Some time ago, I wrote an article about language processing for humans in relation to programming languages. While accurate, I do find it obligatory to write a response to my own article.
Every man has his own language. He should speak it. Programming is similar. If you don’t have a language you like, keep looking. Something out there will have most of what you want out of a language, and maybe one day, someone will invent a similar one that has even more of what you want. But please don’t believe all programming has to be like C.
It is unfortunate that language tends to be polluted as time goes on. I’d like to discuss this, as well as the consequences. But first, let’s start with some meandering….
Table of Contents
- The Rules
- The Vowel Sounds
- The Consonant Sounds
- The Exceptions
- My Criticisms
- Concluding Thoughts
If you’re new to Japanese, you’ll find it very disconcerting that there is a huge gap between beginner Japanese and expert. Not only that, “beginner” Japanese in text books and classes is polite Japanese – verbs that have already been modified so that if you ever visit Japan, you speak pleasantly. Furthermore – and here’s the real kicker – speech is much harder to understand than it first seems, and watching anime and listening to music will only help you to a certain extent. In this post, I hope to cover a few details about Japanese, including the learning process, that should ease your pain.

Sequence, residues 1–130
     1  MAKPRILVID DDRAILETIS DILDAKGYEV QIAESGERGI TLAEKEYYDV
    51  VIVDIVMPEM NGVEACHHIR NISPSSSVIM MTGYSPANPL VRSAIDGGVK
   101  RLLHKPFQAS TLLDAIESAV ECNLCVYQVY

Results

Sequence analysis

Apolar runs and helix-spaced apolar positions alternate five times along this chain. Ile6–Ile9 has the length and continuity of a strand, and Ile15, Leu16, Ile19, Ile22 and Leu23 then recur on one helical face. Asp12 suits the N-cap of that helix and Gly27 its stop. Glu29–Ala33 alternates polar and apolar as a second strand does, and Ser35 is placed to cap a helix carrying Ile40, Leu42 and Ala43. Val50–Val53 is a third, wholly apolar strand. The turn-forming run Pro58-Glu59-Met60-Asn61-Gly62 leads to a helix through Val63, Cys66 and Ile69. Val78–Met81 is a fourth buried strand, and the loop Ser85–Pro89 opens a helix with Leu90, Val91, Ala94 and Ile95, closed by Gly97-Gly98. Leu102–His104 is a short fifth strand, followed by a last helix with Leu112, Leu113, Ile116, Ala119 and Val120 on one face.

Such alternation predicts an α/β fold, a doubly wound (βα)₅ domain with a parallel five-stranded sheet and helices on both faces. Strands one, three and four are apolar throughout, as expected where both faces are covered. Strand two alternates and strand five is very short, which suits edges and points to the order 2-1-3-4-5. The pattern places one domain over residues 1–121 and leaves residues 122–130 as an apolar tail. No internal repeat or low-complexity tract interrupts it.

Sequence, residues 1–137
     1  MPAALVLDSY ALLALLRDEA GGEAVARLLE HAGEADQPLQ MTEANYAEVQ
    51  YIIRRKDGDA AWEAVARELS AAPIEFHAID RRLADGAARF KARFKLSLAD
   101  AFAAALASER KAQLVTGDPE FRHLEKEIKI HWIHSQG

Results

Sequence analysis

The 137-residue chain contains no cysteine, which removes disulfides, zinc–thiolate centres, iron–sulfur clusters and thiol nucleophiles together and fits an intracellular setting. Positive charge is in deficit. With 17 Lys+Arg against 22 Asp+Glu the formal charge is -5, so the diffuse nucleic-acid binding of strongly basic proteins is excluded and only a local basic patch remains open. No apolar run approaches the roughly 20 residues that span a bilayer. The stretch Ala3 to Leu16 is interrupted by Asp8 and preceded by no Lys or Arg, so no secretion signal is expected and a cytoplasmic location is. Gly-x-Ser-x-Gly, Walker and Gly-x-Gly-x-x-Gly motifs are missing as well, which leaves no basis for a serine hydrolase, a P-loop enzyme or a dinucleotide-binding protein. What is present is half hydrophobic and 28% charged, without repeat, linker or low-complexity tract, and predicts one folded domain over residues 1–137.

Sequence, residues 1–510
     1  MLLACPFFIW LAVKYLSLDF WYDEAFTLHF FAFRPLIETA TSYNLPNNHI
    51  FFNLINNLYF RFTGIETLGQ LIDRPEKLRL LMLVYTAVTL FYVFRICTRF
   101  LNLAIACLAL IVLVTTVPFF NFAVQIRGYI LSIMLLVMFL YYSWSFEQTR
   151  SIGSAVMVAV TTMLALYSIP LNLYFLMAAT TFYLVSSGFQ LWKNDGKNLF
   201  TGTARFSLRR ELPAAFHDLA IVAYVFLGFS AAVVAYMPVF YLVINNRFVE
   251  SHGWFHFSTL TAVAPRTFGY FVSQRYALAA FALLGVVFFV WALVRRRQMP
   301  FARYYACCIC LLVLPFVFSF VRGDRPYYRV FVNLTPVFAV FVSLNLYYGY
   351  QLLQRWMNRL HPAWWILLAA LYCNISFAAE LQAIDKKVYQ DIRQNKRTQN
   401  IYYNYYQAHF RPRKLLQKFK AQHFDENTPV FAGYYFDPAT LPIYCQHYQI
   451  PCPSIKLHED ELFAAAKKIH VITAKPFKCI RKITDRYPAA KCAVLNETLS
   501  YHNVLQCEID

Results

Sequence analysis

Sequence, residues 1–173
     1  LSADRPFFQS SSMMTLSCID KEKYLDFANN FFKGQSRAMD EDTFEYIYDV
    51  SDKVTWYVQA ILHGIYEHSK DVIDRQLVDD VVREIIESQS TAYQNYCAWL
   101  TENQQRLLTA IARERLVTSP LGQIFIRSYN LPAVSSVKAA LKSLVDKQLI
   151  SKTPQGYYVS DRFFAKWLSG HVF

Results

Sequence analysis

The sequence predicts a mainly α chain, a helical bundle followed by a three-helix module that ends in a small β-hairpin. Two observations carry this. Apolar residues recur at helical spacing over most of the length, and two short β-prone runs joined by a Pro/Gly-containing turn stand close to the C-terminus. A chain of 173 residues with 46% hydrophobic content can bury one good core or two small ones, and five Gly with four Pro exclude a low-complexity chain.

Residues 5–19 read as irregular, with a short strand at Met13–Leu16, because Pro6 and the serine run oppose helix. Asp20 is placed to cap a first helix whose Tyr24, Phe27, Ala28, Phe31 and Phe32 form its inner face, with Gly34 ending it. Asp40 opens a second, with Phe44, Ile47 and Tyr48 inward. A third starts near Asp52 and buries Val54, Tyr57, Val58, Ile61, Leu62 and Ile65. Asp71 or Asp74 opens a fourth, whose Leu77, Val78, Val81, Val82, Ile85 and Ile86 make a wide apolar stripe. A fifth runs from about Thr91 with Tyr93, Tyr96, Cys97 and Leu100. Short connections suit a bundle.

Ever wanted to study a language in the manner that Rosetta Stone would allow you? Yeah, same here but I don’t have 100+ bucks to shell out. Internet connection, on the other hand, is already paid for. You could try to assemble deck after deck of Anki cards and even give them pictures, but setting up the ideal deck can take a long time, especially when you’re downloading images and trying to fit them in all the time. This is my solution: a blog. Now I have all of the resources of the internet at my fingertips and I can share everything with you.
My first post on Japanese, offering you some tools and accompanying advice (most of which is in the latter half of this article).
I tried out Ruby, really excited to get to learn a new language. My first impressions were great – I saw convenience everywhere. But the more I tried things out, the more holes I started to see.
Rich Hickey and his core programming team put together the dynamic programming language they call “Clojure“. There are so many programming languages out there, it’s hard to get yours noticed much less used. To draw attention to their language, the “core” team started a project called Clojure Script One – which, from the looks of it, is nothing more than a fancy looking website designed to snag geeks with its sleek appearance.